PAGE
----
It is still unclear what happened to the system and when it will be restored.

WASHINGTON — A critical system used by U.S. airlines failed Tuesday night, grounding all flights.

The Federal Aviation Administration, which is responsible for air travel regulations, confirmed through an advisory that its “NOTAM” system went offline shortly after 11:00 p.m. ET.

The NOTAM system is designed to provide pilots and air traffic controllers with important information as it develops, including changes in weather or conditions at a particular airport.

The NOTAM information for some flights can run to hundreds of pages, detailing runway closures, bird hazards, or low-altitude obstacles on the flight path.

It is still unclear what happened to the system and when it will be restored.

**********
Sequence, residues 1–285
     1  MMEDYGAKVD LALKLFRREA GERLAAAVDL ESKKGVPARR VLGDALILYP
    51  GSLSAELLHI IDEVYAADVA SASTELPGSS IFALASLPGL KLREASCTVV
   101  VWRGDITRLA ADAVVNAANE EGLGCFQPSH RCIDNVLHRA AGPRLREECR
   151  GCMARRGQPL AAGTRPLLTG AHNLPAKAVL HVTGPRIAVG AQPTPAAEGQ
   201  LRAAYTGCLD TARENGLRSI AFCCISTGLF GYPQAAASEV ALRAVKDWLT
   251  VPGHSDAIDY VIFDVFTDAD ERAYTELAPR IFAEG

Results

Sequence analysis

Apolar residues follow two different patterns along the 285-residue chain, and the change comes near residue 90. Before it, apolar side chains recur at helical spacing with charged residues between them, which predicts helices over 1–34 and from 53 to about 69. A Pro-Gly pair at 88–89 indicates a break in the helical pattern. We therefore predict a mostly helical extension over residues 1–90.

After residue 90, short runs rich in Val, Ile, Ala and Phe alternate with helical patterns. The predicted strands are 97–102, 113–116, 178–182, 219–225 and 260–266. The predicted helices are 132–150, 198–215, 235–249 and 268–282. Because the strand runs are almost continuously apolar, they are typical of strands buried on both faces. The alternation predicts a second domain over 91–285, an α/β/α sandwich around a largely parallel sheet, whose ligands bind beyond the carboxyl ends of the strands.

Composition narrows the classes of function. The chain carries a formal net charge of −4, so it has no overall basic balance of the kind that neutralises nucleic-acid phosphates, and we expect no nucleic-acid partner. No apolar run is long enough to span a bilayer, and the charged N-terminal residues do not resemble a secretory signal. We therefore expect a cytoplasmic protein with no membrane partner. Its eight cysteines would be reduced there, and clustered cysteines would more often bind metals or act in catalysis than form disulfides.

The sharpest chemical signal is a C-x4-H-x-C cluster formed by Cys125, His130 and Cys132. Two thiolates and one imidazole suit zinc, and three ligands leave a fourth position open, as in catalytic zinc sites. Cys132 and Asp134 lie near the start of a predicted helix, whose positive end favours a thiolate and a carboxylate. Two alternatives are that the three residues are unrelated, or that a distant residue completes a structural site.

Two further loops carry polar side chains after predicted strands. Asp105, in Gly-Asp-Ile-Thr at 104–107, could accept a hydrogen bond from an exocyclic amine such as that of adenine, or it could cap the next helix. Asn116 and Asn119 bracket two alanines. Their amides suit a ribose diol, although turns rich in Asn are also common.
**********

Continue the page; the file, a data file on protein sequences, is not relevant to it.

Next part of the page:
“Technicians are currently working to restore the system and there are no estimates available at this time to restore service,” the FAA’s advisory to pilots said.

The FAA said in a statement that they are working to restore the system and that the operation of the National Airspace System has been affected.

On the FAA website for the NOTAM system, a message warns users that the latest entries may not be available.

“Due to system processing delays, recently entered NOTAMs may not be displayed,” it said.

NOTAMs issued prior to the blackout were still visible Wednesday morning.

More than 500 flights were delayed Wednesday morning to or from the U.S., according to flight-tracking website FlightAware. The website did not cite the NOTAM failure as a factor in the unusually large number of delays.

The industry-wide problem comes less than a month after thousands of flights were canceled or delayed after Christmas when Southwest Airlines faced long delays due to logistics problems during the winter freeze.

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